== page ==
A couple of flowerbeds in the backyard lined the house and one of the back walls. Whenever my mother replanted purple petunias and orange marigolds in the front yard, she also attempted the backyard, trying her damnedest to keep them blooming. The only thing that managed to stay alive throughout the years was a rosemary bush. Sometimes I plucked the leaves off, holding them up to my nose and thinking about my father’s spaghetti that I hadn’t eaten in years. The pungent smell from the needles stayed on my fingers for hours.
For one of the first Christmases we had in the house, my parents bought a metal play set for my brother and me. It had a swing, a slide, and a suspended love seat that rocked back and forth. Eventually the red paint began to rust, the metal warped, and the four legs propping up the equipment couldn’t rest evenly on the ground. We grew too big for it, but my mother kept it in the backyard for years after we could no longer use it. We also had an old wooden playhouse on the other side of the yard. It had been painted white at one point. The paint slowly chipped away, showing the wood rotting underneath. Long after my brother and I were too tall to stand up straight inside, the floor of the playhouse became covered with fallen leaves that had blown inside, the corners covered in spider webs.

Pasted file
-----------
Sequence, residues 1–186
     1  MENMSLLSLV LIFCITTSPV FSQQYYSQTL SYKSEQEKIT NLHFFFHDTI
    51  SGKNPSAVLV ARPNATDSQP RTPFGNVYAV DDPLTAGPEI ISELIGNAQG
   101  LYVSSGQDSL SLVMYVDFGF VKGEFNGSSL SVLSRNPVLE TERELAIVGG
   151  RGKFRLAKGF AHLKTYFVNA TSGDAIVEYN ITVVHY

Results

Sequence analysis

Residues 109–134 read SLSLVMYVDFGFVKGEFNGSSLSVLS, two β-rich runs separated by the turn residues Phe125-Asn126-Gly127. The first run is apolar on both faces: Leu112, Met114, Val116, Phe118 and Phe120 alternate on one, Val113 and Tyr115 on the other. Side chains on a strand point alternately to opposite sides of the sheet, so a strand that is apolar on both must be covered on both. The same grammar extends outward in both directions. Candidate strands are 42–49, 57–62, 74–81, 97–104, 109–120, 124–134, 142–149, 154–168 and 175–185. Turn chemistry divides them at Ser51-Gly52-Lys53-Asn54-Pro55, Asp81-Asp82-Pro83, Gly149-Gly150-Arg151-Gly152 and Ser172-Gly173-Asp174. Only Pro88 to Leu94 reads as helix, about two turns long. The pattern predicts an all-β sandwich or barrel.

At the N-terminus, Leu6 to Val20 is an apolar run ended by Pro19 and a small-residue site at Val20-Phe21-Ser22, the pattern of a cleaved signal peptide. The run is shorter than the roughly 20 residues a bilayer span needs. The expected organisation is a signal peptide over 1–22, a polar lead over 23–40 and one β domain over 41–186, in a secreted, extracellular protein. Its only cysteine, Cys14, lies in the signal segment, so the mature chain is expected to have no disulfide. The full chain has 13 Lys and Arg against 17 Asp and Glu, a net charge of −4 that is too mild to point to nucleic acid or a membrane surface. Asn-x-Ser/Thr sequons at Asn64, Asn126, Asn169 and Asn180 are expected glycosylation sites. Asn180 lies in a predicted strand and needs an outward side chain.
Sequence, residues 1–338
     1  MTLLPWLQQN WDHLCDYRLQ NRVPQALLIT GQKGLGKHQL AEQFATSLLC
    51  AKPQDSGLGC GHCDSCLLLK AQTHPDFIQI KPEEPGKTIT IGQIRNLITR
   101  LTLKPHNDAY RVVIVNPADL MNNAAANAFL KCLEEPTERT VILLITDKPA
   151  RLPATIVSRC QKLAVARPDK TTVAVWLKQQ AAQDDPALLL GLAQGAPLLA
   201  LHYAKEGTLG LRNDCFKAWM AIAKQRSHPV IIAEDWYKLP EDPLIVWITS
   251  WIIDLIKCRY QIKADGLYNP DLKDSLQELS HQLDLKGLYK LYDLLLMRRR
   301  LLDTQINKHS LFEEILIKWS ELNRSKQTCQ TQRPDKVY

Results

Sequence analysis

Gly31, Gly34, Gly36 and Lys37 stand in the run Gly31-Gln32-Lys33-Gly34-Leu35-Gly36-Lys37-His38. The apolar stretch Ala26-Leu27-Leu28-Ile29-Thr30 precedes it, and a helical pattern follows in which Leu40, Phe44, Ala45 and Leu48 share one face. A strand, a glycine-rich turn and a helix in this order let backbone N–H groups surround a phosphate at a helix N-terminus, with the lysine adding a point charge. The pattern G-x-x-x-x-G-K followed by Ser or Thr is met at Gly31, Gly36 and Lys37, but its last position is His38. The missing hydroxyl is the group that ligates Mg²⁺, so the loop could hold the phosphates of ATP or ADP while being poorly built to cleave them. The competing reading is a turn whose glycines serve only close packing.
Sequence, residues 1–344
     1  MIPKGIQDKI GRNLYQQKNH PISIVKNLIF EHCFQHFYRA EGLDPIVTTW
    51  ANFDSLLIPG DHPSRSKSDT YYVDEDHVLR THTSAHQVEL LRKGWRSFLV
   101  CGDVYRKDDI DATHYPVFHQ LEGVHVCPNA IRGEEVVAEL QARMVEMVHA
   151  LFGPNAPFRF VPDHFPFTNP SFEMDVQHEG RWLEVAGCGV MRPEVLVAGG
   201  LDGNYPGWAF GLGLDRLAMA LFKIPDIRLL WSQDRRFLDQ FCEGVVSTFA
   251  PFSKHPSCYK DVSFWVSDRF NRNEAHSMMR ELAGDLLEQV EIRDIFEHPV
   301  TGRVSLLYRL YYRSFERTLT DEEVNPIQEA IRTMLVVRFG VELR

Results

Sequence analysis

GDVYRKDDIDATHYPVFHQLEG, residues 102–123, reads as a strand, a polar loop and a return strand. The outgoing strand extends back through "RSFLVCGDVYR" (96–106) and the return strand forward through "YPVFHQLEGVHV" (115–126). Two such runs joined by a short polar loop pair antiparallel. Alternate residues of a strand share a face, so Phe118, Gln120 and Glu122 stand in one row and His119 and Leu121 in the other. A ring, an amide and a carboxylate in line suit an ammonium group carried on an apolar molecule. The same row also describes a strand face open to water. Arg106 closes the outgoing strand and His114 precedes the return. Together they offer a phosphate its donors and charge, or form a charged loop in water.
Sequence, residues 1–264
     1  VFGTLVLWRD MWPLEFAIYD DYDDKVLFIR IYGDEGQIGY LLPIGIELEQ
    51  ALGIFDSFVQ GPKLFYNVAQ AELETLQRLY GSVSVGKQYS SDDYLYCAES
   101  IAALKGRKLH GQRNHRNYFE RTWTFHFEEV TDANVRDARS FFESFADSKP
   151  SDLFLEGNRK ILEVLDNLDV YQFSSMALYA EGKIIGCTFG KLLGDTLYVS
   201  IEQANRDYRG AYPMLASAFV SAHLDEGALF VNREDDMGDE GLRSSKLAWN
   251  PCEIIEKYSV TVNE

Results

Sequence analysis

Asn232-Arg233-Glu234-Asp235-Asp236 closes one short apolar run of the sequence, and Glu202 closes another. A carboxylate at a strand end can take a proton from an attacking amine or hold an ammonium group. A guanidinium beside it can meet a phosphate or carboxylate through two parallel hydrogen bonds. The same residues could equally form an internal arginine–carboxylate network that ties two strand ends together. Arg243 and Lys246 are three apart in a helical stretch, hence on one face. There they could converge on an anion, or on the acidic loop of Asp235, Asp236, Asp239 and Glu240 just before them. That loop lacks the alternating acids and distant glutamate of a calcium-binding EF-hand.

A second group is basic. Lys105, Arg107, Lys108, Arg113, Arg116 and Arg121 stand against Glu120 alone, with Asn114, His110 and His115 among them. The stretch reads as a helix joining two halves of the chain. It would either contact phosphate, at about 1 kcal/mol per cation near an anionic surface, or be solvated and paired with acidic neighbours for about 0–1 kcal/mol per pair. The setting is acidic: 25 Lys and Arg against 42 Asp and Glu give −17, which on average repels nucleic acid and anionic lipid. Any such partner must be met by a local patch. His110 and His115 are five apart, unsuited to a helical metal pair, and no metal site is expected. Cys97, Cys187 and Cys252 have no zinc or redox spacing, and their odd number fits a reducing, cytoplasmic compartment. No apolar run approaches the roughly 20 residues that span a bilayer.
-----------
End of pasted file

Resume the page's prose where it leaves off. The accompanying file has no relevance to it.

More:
It was relatively easy to hop up on the roof. I could climb on the concrete wall lining our property and get up onto the shed where I could hoist myself up from there.
The summer before I turned thirteen, two years after my father moved out, I had an obsession with climbing on the roof. All I wanted to do was sit up there and watch the sunrise. But, I usually missed it, staying up until three or four in the morning, talking on the phone or surfing the internet, before finally collapsing in bed. When my alarm went off at six in the morning, I turned it off or slept through it, too comfortable under my covers and lulled by the glow-in-the-dark stars on my ceiling.
When I did manage to get myself up, trying my best to tread lightly on the roof so I wouldn’t wake up my mother, I had a great view of the sun making its way from behind the Rincon Mountains. The sky was clear, unobstructed by tall buildings or trees. Once the sun peeked out, the sky became a huge canvas, streaking pinks and oranges and yellows across the sandy desert.
It was from this same view on my roof that I watched the Aspen Fire scorch Mt. Lemmon for weeks at the end of the summer, destroying over 80,000 acres and 340 homes. That month, my eyes itched and my lungs hurt from the continuously hazy sky, from the smoke and ash billowing up into the air. At night, I saw bright orange patches blazing across the mountain, from over thirty miles away. We Tucsonans watched from the safety of our own homes, mouths wide open, completely helpless, as the fire continued to burn.